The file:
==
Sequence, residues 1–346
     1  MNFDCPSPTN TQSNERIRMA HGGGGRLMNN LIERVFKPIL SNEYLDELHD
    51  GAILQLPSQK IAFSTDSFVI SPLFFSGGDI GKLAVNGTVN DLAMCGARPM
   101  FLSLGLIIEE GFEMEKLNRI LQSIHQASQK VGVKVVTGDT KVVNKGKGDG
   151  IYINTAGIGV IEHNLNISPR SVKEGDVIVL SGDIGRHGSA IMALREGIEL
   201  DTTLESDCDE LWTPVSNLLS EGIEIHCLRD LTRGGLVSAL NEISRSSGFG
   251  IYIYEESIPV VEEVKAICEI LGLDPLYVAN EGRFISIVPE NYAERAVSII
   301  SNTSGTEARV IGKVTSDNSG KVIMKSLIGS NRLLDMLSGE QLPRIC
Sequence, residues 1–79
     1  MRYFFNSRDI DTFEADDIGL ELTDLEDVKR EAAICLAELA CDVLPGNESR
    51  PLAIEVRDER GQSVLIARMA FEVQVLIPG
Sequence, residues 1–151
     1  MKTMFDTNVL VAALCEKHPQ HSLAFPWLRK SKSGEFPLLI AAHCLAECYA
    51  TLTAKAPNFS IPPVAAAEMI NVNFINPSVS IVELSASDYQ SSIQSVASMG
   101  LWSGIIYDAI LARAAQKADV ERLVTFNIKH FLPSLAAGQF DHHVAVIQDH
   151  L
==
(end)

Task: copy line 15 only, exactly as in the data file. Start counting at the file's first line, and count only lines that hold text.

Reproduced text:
   101  LWSGIIYDAI LARAAQKADV ERLVTFNIKH FLPSLAAGQF DHHVAVIQDH